MONDAY

Joe was sitting at the kitchen table when he first heard the noise.  It was so quiet that at first he didn’t even notice.  He had been sitting still, lost in thought.  His hand wrapped around his cooling cup of coffee.  It was early summer and most mornings were still cold enough to need a jacket.  Although the night had been chilly, he had left the windows open throughout the house.  The noise was now coming through one of those open windows.  A steady click click click came softly through the kitchen window.  Joe rose and walked to the sink and pushed the curtains aside.  Outside it was early morning and the sun was shining through the trees.  A slight glare was reflecting off of his car.  Shielding his eyes, he tried to locate the source of the noise.  It didn’t take too long.  Perched on the roof of his car sat a very large bird.  No, Joe thought, not just a bird, a vulture. 

As if naming it had called his attention, the vulture looked towards the window where Joe stood.  It shifted its weight and stepped side to side, issuing another click click click.  An involuntary shudder went through Joe as he watched.  The vulture sat as tall as a medium sized dog.  Its wings were pulled up around its neck. A neck which held up a hideous red face that was looking in Joe’s direction.  A darkness seemed to seep towards the car.  Shade fell over the house and over the vulture.  Spreading his wings wide, the bird flapped twice and then took off into the air, not bothering to cast another look back in Joe’s direction.

Joe’s hand was still holding back the curtain as he watched the massive bird fly up into the sky.  The darkness had receded and the sun was shining back down as if it had never left at all.  The bird continued to rise up until he was out of sight.  Joe only gave the bird one more thought as he let the curtain fall back into place and dumped his half full coffee mug into the sink.  That can’t be a good sign.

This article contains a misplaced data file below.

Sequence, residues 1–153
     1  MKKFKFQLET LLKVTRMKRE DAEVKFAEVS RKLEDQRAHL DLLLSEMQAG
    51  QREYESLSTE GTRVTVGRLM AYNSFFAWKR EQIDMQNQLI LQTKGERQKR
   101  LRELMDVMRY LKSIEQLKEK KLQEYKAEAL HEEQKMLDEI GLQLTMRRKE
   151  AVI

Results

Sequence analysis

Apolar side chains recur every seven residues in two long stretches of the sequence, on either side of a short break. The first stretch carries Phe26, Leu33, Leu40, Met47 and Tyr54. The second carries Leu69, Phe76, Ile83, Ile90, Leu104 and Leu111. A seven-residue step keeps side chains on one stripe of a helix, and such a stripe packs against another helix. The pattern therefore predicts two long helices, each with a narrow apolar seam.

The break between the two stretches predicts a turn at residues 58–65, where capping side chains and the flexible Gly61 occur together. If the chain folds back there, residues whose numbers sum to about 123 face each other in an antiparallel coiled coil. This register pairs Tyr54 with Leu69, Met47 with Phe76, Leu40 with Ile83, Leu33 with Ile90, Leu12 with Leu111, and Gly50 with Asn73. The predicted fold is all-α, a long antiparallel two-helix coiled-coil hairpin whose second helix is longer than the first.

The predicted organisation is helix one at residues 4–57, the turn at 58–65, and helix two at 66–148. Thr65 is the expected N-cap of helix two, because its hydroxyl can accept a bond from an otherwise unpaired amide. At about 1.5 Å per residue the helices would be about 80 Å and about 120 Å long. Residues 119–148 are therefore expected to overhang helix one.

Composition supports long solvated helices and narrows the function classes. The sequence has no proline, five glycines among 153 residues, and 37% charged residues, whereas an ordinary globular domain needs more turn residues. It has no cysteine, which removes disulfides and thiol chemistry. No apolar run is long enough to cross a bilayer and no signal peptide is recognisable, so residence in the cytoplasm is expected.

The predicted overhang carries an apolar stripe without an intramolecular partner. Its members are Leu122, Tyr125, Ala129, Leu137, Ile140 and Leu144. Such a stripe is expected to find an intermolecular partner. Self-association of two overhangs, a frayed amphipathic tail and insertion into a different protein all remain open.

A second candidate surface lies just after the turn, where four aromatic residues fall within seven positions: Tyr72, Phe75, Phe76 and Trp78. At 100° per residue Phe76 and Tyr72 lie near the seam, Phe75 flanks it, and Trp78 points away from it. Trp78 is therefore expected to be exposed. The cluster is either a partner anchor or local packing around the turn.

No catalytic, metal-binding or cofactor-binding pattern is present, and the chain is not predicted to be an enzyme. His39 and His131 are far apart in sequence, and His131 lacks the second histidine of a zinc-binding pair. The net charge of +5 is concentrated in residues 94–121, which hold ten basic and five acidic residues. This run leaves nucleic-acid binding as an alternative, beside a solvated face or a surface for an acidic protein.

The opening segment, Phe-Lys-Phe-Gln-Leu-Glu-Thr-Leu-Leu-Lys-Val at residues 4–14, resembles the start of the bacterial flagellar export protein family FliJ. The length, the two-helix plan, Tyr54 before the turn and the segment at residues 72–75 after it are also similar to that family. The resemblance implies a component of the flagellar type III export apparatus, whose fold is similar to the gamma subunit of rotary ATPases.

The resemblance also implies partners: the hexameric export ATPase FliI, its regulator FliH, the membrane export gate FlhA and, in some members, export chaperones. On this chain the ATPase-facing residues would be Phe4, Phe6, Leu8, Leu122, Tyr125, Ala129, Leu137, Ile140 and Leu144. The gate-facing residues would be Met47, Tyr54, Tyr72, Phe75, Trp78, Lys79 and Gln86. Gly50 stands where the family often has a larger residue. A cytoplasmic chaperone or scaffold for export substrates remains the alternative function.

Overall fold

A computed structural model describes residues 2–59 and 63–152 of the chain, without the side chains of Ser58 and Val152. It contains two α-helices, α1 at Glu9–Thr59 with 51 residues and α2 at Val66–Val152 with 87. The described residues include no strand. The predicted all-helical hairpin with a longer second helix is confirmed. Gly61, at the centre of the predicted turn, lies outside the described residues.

Turning back to the recently vacated table he tried to remember what he had been doing before he’d noticed the clicking.  A dull headache bloomed slowly behind his eyes.  Rubbing his temples, he looked around again.  He’d been getting ready to leave for work and thought of something he had to do but he had forgotten it just as quickly.  Lisa always said that he was good for that, losing his train of thought.  Sometimes she would tell him that his thought train had crashed.

It had definitely come off the tracks this morning.

The end of chapter one.

Click here to read chapter two, Tuesday.

(To receive notification when the next chapter is posted, follow Lakewi.net on facebook at https://www.facebook.com/lakewi/)